Wednesday, July 4, 2012

EvolveBDR v0.0.2 - a Bacula OVF

EvolveBDR v0.0.2 is a portable OVF format Virtual Machine pre-configured to run Bacula as easily as possible.  EvolveBDR aims to supply sane default configurations to allow SysAdmins to rapidly deploy EvolveBDR in their environments while greatly minimizing the learning curve necessary to successfully implement Bacula as a file level backup solution.

I spend a large portion of my time on the internet haunting /r/SysAdmin on Reddit.  A common question on that venerable forum often contains something similar to "Can you please recommend a low cost/FOSS enterprise backup solution?"  I and many others are quick to recommend Bacula, BackupPC, Areca, Cobian Backup, and Veeam's free edition.  Personally, I find myself recommending Bacula more often than not; a proven solution that has been in development for the better part of a decade; if not longer.

The power of Bacula comes with a small price: a learning curve that is often difficult for the novice *NIX administrator; especially for the Jr. Admin who finds themselves in a primarily Windows-based environment.  (This is not a judgement against their skill-sets or a denigration of their worth as a SysAdmin.)  The creation of EvolveBDR is a response to this challenge with a OVF format Virtual Machine which comes pre-configured to use Bacula as a file based backup solution using hard disks as the primary archival medium.

Some features you may find interesting:
  • The virtual appliance has been built on top of TurnKey Core v12.0 RC.
  • The file system lives on top of LVM for rapid provisioning of more disk space without rebooting the VM.
  • CurlFtpFs to make remote backups easier.
  • A default volume pool and Windows-friendly FileSets (one at the moment for Win2k3; Win2008 on the way) to help Windows SysAdmins spend less time configuring Bacula and more time implementing EvolveBDR/Bacula in their environment.
It should be noted that EvolveBDR is still being developed and tested.  If you insist on using this in production, you do so at your own risk.  It is also recommended that you change all of the currently configured passwords to something a little more secure than 'bacula'.  ;)

Tuesday, July 3, 2012

Admins locked out by Group Policy? PsExec to the rescue!

Have you ever accidentally used Group Policy to prevent yourself from being able to edit Group Policy?  You wouldn't be the first SysAdmin - it can happen to even the most seasoned of us; especially in the middle of the night during a particularly long maintenance window...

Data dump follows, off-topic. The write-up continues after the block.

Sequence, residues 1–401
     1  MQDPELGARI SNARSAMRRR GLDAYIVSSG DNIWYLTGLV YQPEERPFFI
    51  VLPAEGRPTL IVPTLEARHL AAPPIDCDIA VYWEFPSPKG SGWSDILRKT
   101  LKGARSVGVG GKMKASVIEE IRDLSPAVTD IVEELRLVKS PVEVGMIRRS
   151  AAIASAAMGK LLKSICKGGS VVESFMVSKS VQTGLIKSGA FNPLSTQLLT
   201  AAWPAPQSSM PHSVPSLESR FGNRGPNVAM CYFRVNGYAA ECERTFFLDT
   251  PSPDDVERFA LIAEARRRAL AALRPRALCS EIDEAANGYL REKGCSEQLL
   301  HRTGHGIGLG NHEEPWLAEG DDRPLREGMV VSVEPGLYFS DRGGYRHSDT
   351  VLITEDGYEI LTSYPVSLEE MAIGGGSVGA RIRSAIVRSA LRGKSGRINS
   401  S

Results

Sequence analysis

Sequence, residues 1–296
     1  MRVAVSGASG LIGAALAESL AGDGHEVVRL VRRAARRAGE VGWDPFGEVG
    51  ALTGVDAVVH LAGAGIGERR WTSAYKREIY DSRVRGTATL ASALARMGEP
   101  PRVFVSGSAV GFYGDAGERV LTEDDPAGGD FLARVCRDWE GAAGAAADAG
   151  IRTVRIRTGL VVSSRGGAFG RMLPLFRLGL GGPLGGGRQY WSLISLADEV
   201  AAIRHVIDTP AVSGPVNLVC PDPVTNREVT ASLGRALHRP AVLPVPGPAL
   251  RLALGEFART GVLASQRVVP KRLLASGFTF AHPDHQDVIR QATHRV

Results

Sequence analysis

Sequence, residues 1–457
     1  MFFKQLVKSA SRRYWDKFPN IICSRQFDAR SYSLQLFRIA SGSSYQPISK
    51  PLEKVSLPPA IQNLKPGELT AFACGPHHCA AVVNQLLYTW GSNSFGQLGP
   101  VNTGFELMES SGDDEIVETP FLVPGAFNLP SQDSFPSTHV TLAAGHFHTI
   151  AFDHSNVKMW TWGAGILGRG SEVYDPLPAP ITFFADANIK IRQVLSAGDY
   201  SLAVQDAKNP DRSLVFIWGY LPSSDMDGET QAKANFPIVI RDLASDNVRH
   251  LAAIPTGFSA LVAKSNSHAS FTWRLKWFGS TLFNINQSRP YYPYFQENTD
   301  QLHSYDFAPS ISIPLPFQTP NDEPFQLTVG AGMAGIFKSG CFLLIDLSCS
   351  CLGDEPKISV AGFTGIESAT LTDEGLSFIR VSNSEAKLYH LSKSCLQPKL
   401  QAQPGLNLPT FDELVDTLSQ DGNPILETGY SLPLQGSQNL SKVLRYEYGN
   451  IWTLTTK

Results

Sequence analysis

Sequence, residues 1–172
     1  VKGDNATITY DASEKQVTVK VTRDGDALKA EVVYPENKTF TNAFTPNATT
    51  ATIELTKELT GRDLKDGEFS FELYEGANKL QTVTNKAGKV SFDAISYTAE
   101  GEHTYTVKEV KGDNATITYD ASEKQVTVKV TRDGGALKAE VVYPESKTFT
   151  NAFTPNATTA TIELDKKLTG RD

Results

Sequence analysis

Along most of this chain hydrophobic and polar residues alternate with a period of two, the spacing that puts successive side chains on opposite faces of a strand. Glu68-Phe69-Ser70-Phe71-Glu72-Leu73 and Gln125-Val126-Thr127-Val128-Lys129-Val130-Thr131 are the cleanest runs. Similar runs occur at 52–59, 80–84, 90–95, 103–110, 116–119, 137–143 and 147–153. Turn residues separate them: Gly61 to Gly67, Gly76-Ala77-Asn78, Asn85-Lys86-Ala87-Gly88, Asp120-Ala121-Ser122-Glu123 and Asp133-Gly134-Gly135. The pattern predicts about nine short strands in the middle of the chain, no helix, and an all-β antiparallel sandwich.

Here is the scenario:

A single Windows Server 2008 R2 machine running AD and RDS (clearly in need of a couple of Domain Controllers and the transfer of FSMO roles away from the Remote Desktop Session Host).  Fortunately, AD Recycle Bin is enabled.  A young SysAdmin decides to modify Group Policy on this time bomb without peer review or change management.  Fortunately, they didn't edit the default Domain Policy, but they did apply a policy to all Users that prevented access to the Control Panel and explicitly forbid the execution of the MSCs from Start --> Run.  Hell, he even disabled the execution of MMC, RegEdit, and CMD.EXE...!

Wouldn't you know it, he even had the courtesy to run a 'gpupdate /force'...

It is at this time that many SysAdmins would try to do things like edit the Registry, delete entries from SYSVOL, and other nefarious items that are sure to make your day a whole hell of a lot worse.

(Had the Jr. Admin only edited the default Domain Policy, we could perhaps use Dcgpofix to restore the default Domain Group Policy for our Disaster Recovery.)

Fortunately, TaskMgr was still accessible, and PsExec was installed on the host to fix a previous issue with a legacy application that wasn't multi-thread aware.  (We modified the default shortcut for the application and added PsExec to set set the affinity of the application to a single core - works like a charm!)  How did I fix the issue?  I did the following:

Start --> Run --> taskmgr followed by File --> New Task (Run...) and 'psexec cmd.exe' with the task created with administrator privileges.  This allowed me to spawn a shell.  Now, I thought I was going to have to use REG from the command line to query and delete Registry keys, but my intuition told me to try running MMC for the hell of it...

And it launched.

Now, the real test is whether or not I can add the GPO snap-ins and edit the policy object...


I then used the Group Policy Editor MMC snap-in to disable the GPO followed by another 'gpupdate /force' from my PsExec-spawned shell.

I saved the day, and now I have convinced the client to spin up a few Domain Controllers.

As for the Jr.?  There never was a Jr. SysAdmin - it was me the entire time; or, at least I think it was me.  An unnamed party also has Domain Admin rights, but they swear they didn't cause this blunder.

Maybe I will dig through the logs, for fun and profit, just to make sure...